On September 20, 2019, the Department of Defense (DoD), General Services Administration (GSA), and National Aeronautics and Space Administration (NASA), published a document proposing to amend the Federal Acquisition Regulation (FAR) to add two new clauses that notify contractors about the exemptions from liability for Afghanistan taxes, customs, duties, fees or similar charges. Comments for the proposed rule will continue to be accepted on or before November 19, 2019. Small and large government contractors performing in Afghanistan need to ensure they are registered to do business in Afghanistan and have the proper tax-exemption certificates in place prior to performance to avoid incurring Afghan tax liabilities that are otherwise exempt. [Read More]
OIG Report Released Analyzing Management and Performance Challenges Facing SBA
The Small Business Administration’s (SBA) Office of Inspector General (OIG) released a report titled, “The Most Serious Management and Performance Challenges Facing SBA in FY 2020.” The overall goal of the report is to focus attention on significant issues with the objective of working with SBA managers to enhance the effectiveness of the SBA’s programs and operations. While the SBA made progress addressing this year’s management challenges, the OIG’s audits and investigations continue to find the SBA facing significant risks in loan program oversight and controls, oversight of its statutory programs to promote small business development and government contracting, and deploying information technology and cybersecurity controls. Read the full report here.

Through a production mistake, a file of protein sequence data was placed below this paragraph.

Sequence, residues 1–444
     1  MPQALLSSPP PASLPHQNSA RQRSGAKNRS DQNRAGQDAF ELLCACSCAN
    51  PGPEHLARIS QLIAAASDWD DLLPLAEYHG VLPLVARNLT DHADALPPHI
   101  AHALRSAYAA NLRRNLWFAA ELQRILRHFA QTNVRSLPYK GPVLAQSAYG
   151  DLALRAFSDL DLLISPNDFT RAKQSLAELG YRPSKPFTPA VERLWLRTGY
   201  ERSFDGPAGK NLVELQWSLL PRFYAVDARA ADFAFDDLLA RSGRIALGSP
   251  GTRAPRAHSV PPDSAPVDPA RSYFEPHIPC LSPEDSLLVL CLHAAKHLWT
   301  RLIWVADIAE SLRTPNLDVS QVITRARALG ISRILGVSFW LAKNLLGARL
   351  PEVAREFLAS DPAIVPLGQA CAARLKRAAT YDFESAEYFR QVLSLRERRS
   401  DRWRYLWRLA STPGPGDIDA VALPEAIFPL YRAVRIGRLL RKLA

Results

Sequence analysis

CRS Examines Small Business Management and Technical Assistance Training Porgrams
The Congressional Research Service (CRS) released a report titled, “Small Business Management and Technical Assistance Training Programs.” The SBA has provided technical and managerial assistance to small businesses since it began operations in 1953. Initially, the SBA provided its own small business management and technical assistance training programs. Over time, the SBA has relied increasingly upon third parties to provide that training. The CRS report examines the historical development of federal small business management and technical assistance training programs; describes their current structures, operations, and budgets; and assesses their administration and oversight and the measures used to determine their effectiveness. It also discusses legislation to improve program performance, including P.L. 114-88, the Recovery Improvements for Small Entities After Disaster Act of 2015 and P.L. 115-141, the Consolidated Appropriations Act of 2018. Read the full report here.